On his first trip back to his house and studio, Saucedo found the African doll floating face up in the murky water. He kept a public face during that trip, but on subsequent visits alone he broke down and wept. Little things, like finding his fathers wooden Monopoly pieces ruined, upset him deeply.
Saucedo was determined not to let the storm erase his lifes work. There was this defiance that I didnt want to be erased by the storm, says Saucedo, even though at times that was the hardest thing to do. How can I tell a stranger Im an artist? All of my credentials got creamed.
He credits his residency with the LMCC, and his reconnection with his roots in New York for drawing him out of his funk. If I didnt get this residency, [Id be] sitting in Gentilly obsessing over things that arent that important, he said.
Slides of Saucedo work were ruined by the saltwater, but much of his sculpture was salvageable, albeit in need of massive restoration. I had this thing in my head that I would make them better than they ever were, says Saucedo. Still, he had yet to make any artwork that implicitly dealt with the hurricane.
Of the 15 artists sharing a loft in Tribeca, each has his or her own way of illustrating Katrina. Dan Tague, 31, of Mid-City, and Julie Anne Pieri, 30, of Metairie, have witnessed their works assume political overtones, often mocking government malfeasance. Pieri, who hasnt forgotten her four days of Armageddon at the Superdome, has been toiling on a performance piece in which she drapes herself in the American flag and sleeps on miniature houses. Ive never done anything political before in my life, says Pieri, who was planning on producing an installation of grass in front of a Wal-Mart prior to the storm. Tague, whose home and studio were utterly destroyed, has a mixed-media piece that depicts the former U.S. presidents as Klansman.
Clifton Faust, 35, a mixed-media artist from Holly Grove, spent three or four days during the hurricane season of 2004 boarding up his house and the houses of his aunt and mother. When Katrina rolled around, he, like many thought, This time well get some water, but we didnt think it would flood the whole city. Faust went to Pine Bluff, Ark. for two days and then on to New York City, where he has friends. His extended family is scattered everywhere from Texas to Florida. Faust, who left the Big Easy with minimal baggage, including digital images of his photos, returned to New Orleans in November. It didnt really hit me till I went back, says Faust. I thought maybe my neighborhood was okay. [Instead] it looked like a tidal wave came through and destroyed 14 years of work.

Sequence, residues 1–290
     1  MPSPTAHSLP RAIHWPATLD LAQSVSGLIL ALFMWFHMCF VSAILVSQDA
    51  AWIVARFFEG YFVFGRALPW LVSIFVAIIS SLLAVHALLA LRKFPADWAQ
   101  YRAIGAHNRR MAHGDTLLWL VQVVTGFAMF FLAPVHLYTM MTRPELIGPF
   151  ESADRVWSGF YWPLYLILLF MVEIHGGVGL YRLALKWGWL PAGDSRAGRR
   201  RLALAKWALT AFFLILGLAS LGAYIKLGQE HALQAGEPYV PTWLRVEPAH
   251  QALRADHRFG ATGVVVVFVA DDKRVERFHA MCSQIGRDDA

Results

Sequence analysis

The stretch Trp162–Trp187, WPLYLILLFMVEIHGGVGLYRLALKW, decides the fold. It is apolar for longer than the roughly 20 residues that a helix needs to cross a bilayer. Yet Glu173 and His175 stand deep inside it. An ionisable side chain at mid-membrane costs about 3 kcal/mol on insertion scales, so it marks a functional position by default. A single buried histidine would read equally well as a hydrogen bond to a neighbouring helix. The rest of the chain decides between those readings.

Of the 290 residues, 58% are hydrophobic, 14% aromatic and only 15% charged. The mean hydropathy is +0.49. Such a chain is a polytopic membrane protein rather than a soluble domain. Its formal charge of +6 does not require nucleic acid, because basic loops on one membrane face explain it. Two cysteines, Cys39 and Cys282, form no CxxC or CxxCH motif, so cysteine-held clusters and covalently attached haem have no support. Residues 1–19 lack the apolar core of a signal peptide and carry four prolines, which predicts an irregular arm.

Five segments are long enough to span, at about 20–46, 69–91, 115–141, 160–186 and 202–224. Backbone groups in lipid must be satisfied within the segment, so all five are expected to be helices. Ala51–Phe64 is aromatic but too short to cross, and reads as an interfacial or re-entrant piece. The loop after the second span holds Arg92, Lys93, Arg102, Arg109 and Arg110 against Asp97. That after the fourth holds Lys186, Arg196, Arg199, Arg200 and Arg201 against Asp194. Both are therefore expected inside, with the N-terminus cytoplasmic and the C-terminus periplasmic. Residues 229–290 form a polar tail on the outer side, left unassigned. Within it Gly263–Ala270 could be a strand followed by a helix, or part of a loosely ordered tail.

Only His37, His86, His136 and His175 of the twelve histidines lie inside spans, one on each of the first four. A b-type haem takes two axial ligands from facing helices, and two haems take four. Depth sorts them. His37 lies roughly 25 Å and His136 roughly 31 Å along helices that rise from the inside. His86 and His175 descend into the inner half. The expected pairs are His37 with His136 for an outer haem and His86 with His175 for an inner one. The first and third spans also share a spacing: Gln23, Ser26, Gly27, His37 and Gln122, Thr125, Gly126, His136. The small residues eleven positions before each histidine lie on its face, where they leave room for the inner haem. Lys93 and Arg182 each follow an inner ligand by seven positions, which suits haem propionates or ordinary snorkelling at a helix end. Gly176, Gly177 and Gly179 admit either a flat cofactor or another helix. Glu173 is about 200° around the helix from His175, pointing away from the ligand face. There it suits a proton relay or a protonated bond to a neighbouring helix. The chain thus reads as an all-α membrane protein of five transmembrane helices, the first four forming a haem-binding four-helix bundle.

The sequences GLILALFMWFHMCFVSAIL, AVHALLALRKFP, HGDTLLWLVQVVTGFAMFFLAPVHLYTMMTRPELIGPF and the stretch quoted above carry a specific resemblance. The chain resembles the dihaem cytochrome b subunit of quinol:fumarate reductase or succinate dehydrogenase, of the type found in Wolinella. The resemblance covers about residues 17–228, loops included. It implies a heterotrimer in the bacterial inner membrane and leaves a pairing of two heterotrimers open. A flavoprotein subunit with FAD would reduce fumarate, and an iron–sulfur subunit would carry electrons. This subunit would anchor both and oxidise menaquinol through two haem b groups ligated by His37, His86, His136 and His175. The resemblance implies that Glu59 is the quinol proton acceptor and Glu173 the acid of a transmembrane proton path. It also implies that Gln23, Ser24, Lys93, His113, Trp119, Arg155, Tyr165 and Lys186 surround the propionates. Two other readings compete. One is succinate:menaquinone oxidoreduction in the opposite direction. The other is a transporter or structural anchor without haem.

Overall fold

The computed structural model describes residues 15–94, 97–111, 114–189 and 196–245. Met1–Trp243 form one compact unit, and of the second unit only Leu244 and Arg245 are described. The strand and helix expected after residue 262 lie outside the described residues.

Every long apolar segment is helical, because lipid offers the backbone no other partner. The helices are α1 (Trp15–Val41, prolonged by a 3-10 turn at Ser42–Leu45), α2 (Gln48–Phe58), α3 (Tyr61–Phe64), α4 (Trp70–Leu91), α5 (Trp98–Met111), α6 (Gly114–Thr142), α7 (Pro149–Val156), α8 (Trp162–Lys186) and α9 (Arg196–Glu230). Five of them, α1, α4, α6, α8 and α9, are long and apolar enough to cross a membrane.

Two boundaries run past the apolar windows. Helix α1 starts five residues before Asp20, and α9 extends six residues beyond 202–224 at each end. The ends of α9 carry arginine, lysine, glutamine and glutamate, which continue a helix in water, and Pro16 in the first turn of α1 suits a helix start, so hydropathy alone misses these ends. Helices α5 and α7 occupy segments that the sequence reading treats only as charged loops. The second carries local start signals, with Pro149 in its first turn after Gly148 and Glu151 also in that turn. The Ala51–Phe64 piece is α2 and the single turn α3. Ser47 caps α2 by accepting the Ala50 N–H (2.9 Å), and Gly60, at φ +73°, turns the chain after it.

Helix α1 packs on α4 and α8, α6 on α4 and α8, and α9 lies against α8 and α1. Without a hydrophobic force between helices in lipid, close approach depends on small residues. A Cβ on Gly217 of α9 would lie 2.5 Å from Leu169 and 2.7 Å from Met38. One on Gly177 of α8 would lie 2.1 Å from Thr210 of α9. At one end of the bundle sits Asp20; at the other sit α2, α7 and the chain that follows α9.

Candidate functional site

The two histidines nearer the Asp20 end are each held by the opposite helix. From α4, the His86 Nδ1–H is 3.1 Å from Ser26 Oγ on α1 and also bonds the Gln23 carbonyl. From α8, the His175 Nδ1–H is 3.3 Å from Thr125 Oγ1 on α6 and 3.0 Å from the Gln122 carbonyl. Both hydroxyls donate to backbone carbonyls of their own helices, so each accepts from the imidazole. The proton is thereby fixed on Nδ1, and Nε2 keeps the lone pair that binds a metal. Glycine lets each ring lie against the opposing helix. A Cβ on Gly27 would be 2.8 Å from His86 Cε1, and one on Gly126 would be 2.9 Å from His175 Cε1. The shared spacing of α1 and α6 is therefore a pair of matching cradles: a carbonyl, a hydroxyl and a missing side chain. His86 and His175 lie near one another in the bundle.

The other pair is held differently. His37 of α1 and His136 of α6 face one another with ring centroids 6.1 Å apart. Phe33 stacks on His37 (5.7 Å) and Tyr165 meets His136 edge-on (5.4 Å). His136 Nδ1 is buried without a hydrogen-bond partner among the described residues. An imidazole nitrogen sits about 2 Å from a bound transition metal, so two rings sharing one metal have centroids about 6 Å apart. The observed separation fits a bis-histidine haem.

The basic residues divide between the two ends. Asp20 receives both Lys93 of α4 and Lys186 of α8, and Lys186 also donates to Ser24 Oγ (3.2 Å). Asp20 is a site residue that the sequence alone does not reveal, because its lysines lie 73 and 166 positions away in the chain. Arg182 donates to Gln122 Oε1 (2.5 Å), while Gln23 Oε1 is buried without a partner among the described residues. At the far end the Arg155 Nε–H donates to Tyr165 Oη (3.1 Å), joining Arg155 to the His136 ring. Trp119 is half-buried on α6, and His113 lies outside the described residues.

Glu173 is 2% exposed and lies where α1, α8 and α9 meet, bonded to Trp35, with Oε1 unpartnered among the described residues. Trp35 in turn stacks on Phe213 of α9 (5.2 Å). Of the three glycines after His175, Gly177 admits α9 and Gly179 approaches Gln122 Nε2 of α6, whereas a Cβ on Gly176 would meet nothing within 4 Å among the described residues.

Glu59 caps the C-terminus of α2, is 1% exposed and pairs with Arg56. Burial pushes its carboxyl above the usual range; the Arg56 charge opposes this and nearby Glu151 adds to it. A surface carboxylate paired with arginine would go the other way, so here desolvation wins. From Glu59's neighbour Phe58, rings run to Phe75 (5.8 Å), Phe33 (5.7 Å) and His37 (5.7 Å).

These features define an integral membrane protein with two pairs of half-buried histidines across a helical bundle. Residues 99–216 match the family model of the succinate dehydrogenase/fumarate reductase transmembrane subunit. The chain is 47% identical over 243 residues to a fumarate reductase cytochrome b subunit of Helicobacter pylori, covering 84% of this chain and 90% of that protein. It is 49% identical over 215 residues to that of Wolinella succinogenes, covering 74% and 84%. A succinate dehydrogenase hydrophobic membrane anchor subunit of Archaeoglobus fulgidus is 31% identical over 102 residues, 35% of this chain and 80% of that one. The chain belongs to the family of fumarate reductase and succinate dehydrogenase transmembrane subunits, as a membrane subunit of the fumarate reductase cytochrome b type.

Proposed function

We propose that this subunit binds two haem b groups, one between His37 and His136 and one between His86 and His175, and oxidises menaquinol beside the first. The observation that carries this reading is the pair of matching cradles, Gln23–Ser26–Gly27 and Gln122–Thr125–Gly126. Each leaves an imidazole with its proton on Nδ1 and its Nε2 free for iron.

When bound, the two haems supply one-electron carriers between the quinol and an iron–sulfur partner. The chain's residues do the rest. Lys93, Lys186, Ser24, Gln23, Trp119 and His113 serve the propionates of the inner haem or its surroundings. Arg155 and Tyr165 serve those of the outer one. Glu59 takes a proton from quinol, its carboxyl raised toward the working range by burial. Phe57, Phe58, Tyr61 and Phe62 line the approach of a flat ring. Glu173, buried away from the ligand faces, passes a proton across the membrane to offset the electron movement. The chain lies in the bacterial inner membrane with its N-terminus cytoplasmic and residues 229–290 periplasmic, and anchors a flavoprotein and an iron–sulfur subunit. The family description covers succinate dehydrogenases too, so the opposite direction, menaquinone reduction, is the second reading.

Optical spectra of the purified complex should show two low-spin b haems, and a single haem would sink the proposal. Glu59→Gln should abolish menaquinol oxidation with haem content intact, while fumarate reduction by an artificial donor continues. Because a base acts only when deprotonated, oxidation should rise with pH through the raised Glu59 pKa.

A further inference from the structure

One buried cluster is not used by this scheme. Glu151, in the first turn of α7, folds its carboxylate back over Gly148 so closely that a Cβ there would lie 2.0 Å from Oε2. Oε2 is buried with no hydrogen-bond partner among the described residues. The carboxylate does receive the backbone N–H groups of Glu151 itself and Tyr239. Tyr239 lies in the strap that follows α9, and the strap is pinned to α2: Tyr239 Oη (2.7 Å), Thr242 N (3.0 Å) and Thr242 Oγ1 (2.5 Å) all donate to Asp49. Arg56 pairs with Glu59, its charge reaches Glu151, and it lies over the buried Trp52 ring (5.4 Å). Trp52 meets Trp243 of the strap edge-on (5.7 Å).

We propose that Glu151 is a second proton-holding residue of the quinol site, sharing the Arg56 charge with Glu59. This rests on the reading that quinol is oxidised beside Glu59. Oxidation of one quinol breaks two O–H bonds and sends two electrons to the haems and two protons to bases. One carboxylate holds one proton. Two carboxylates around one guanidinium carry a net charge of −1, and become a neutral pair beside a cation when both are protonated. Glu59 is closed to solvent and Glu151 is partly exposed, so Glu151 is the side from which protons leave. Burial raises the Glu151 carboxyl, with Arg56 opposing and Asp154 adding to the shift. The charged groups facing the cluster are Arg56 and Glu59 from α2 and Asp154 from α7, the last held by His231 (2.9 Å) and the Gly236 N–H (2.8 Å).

But the loss of work is not the greatest concern to Faust. For him, the worst part is realizing that my active community is scattered at the wind, [and] having to rebuild [the] community is mindboggling, he said. Reeling from the loss of community in New York City, Faust has produced a mixed media piece, entitled, I Think I Landed on Planet Earth, which deals with his feeling almost alien in a new place.
new life after katrina
As the weeks turned into months, the influence of Katrina seeped in subtly to Saucedos artwork. A sculpture titled, self-portrait in weight and volume, some flesh removed (with card tray), had a watermelon-shaped slice exacted from it, representing a pound of flesh taken by the hurricane.
Even the waterlogged doll Saucedo left behind, the one that nagged at him for some time after the flood, found new life after Katrina. Though Saucedo had long been enamored with the sculpture, he never felt it contained enough of him to incorporate it into his own artwork. Now the doll, a Katrina survivor, represented Saucedo in a way. For the exhibition this weekend, Saucedo is recasting the doll in starch white. The doll will then be placed in a cylinder, again representing Saucedos weight and volume. Another cylinder will be filled with 20-odd dolls, which he likens to a pickle jar. Its me floating in there, says Saucedo. It is also you and everyone, an allegory for the New Orleans catastrophe.
To gain admission to the Gulf Coast artists studios this weekend, visit www.lmcc.net to RSVP.